Drug Manufacturer Settles With States

Photo: Ford, Brad

Attorney General Ellen Rosenblum announced today that Oregon has joined 41 other states in a nationwide $102.5 million settlement with the maker of Suboxone, Indivior Inc. Oregon will receive approximately $1.5 million from the settlement.  

Suboxone is used in the medically assisted treatment of opioid use disorder. It plays an important part in our fight against the opioid epidemic.

“This settlement will help Oregon in our response to the opioid epidemic and is part of an ongoing effort by states to hold pharmaceutical companies accountable and ensure resources are available to address America’s opioid crisis,” said Attorney General Rosenblum. “I want to thank Wisconsin AG Josh Kaul and his team for their leadership of these successful negotiations.”

In 2016, the states filed a complaint against Indivior Inc. alleging that they used illegal means to switch the Suboxone market from tablets to film while attempting to destroy the market for tablets to preserve its drug monopoly. Trial had been set for September 2023.

The settlement agreement, which will be submitted to the court in the Eastern District of Pennsylvania for approval, requires Indivior to pay the states $102.5 million. Indivior is also required to comply with negotiated injunctive terms that include disclosures to the states of all citizen petitions to the FDA, introduction of new products, or if there is a change in corporate control, which will help the States ensure that Indivior refrains from engaging in the same kind of conduct alleged in the complaint.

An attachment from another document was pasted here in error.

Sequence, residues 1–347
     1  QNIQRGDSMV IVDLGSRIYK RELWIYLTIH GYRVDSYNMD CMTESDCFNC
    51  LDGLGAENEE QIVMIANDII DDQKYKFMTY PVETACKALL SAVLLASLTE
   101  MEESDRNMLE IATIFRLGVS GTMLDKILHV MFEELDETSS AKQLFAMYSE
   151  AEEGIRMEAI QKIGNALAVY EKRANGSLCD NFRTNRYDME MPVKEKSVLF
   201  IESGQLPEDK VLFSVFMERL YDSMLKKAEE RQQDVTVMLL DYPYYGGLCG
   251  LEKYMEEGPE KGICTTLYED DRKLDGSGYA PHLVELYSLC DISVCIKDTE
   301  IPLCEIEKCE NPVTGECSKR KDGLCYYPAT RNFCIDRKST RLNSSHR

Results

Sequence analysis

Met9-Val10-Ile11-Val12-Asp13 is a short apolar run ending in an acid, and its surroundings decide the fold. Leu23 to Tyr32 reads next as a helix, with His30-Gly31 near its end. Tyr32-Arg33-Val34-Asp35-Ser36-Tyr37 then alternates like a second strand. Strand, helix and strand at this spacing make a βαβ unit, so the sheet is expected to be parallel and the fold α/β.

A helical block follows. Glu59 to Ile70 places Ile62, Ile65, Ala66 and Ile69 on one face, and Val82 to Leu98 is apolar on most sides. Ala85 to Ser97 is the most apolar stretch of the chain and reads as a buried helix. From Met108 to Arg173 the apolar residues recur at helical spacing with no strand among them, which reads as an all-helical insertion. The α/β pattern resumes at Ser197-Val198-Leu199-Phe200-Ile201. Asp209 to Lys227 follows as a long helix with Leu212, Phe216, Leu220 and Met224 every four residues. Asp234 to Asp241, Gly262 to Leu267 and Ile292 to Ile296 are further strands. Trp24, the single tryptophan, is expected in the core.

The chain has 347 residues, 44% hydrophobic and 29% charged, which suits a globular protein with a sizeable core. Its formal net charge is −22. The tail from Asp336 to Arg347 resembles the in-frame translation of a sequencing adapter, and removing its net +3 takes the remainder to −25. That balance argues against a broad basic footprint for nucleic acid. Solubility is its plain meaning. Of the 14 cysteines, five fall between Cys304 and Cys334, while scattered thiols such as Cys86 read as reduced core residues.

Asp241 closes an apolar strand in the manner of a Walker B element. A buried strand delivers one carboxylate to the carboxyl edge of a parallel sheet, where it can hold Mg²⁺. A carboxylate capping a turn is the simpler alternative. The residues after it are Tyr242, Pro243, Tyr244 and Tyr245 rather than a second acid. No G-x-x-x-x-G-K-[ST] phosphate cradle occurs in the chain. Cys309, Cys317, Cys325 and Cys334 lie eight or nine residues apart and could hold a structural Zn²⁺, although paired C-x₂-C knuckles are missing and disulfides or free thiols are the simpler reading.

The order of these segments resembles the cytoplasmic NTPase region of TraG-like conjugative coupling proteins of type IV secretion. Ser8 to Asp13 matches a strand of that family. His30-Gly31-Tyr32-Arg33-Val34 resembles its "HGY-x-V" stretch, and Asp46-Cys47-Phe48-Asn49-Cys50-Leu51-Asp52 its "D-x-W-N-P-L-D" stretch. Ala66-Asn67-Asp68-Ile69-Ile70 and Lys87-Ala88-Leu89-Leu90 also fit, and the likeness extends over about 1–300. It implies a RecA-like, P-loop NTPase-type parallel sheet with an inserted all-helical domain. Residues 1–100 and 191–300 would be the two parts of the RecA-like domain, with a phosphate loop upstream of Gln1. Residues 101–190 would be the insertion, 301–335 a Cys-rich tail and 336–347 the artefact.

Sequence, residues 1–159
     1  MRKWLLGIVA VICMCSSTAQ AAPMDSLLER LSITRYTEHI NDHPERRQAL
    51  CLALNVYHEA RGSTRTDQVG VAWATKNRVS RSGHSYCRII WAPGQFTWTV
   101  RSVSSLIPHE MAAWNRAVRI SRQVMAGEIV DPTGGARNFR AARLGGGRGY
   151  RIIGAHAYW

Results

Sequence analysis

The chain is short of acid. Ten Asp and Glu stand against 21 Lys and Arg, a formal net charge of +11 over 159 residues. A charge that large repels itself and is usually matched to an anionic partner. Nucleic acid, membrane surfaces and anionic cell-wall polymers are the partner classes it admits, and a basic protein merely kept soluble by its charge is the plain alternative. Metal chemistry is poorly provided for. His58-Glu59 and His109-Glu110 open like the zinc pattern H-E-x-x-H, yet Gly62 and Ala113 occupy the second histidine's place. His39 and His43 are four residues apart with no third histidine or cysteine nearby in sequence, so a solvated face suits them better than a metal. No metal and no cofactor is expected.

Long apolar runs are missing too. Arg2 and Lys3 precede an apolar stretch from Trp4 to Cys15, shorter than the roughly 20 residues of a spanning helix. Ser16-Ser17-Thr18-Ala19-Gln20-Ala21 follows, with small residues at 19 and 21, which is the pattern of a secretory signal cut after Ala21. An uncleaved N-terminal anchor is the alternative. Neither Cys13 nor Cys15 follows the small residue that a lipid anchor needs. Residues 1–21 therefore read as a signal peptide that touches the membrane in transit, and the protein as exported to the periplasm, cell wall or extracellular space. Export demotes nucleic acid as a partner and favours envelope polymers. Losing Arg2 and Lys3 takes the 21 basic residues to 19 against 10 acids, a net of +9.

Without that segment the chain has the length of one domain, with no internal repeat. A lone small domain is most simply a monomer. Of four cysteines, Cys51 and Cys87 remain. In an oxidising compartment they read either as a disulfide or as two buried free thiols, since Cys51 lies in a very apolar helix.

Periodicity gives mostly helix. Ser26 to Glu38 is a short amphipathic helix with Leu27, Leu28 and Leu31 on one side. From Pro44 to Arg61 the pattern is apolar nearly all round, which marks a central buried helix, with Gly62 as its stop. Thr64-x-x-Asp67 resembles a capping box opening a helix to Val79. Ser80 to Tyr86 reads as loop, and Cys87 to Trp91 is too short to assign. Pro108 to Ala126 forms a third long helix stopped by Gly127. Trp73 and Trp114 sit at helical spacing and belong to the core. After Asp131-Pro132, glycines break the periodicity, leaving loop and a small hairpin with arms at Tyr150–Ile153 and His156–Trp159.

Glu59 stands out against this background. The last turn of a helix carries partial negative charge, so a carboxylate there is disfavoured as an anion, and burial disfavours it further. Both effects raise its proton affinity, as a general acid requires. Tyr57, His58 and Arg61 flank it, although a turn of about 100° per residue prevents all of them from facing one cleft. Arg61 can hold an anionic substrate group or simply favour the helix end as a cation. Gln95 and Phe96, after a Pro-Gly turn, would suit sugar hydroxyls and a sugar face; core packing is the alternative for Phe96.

Oregon joins Alabama, Alaska, Arkansas, California, Colorado, District of Columbia, Connecticut, Delaware, Florida, Georgia, Hawaii, Idaho, Illinois, Iowa, Kansas, Kentucky, Louisiana, Maine, Maryland, Massachusetts, Michigan, Minnesota, Mississippi, Missouri, Nebraska, New Hampshire, New Mexico, New York, North Carolina, Ohio, Oklahoma, Pennsylvania, Rhode Island, South Carolina, Tennessee, Utah, Vermont, Virginia, Washington, West Virginia, and Wisconsin. 

Source: Oregon Attorney General

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